Heath decided then and there to form a band and came up with the name Reverend Horton Heat, as an ode to Johnny Horton, using the shortened version of his last name, Heath. Soon, life on the road took its toll on the marriage, and his wife left with their child and dog. Heath's feelings upon the loss of his family are well documented in the song "Where In The Hell Did You go With My Toothbrush?" The Jimi Hendrix poster mentioned in the song was on the back of a door that Heath used for a practice room in the house he shared with his wife and child. The dog's name really was Smokey.
About this time, Livingston moved back from Oklahoma City, where he had lived since graduation. He began to book gigs for Heath and his new band, and they quickly won over the local music scene. They drew crowds to brand new music venues. Livingston continued to work with Reverend Horton Heat until 1989, when his own new family and day job required all of his attention, and Heath needed a real manager who could get him out on the road and into the studio. Heath and Livingston remain close friends today, and a song that they co-wrote together in the 1980s, "Liquor, Beer and Wine," appeared on 1994's Liquor In The Front.
In the spring of 1989 Heath met and befriended Charles F. Reid Jr. (aka "Charlie Ray"). Initially a full-time roadie for the band, Reid's role was expanded to include the job of booking agent/manager by the fall of 1989. Touring constantly through the Midwest and the West Coast, RHH quickly became a sellout act everywhere they played. In the fall of 1990 a bidding war to sign RHH developed between Hollywood's XXX Records and Seattle's Sub Pop Records. After moving to Seattle to run The Vogue on 1st Ave, Charlie Ray and attorney Barry Simons secured a two record deal with an option for three more, with Bruce Pavitt and Jonathan Poneman from Sub Pop.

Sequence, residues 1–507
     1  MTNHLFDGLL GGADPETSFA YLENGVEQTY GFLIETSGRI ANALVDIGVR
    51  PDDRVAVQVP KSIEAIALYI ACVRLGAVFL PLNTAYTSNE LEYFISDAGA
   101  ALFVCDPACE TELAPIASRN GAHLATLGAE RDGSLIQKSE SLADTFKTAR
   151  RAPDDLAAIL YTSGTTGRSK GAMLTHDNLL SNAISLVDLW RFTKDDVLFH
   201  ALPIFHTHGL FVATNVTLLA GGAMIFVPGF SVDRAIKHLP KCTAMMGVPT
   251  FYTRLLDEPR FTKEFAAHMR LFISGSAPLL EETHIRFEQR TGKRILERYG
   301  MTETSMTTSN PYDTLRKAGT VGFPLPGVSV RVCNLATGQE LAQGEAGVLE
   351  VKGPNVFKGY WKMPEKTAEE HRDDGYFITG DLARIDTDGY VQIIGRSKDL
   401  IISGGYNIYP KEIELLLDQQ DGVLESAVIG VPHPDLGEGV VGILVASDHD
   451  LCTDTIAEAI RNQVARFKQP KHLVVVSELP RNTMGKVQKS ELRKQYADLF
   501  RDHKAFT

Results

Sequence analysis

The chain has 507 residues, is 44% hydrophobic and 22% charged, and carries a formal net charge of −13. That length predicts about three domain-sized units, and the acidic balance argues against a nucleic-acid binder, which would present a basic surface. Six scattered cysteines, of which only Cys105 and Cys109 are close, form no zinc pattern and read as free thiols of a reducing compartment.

Although present at the Reciprocal Sound Sessions, which made up the majority of material on RHH's debut album, Smoke 'em If You Got 'em, coordinating the photo shoot for the cover of The Full-Custom Gospel Sounds of the Reverend Horton Heat, and routing the band to New York City for the "Psychobilly Freakout" video shoot, Reid's role as manager/booking agent came to an abrupt halt in April 1992. Immediately following Ray's firing as band manager, Heath hired Scott Weiss as his manager/booking agent, and Scott continues in that capacity.
Victory Records signed Reverend Horton Heat in 2012, and an album titled Rev was released on January 21, 2014. A YouTube video for a single on the album, "Let Me Teach You How To Eat," was officially released on November 12, 2013.
Artistic and commercial success
The song "I Can't Surf" was part of the soundtrack of the video game Tony Hawk's Pro Skater 3, published in 2001. "Psychobilly Freakout" was used on a commercial for Buell American Motorcycles and a slightly altered version was featured in the game Guitar Hero II and later on Guitar Hero Smash Hits. Their song "Baddest of the Bad" is featured on the soundtrack to Tony Hawk's Proving Ground. The 1997 PC video game Redneck Rampage also includes two of their songs: "Wiggle Stick" and "Nurture my Pig!" The song "Big Red Rocket of Love" is featured on the video game Motorstorm for the PlayStation 3 and a slightly altered version of the song was featured in a 1999 television commercial for the Mazda Miata. The song "Pride of San Jacinto" is featured on the video game Hot Wheels Turbo Racing.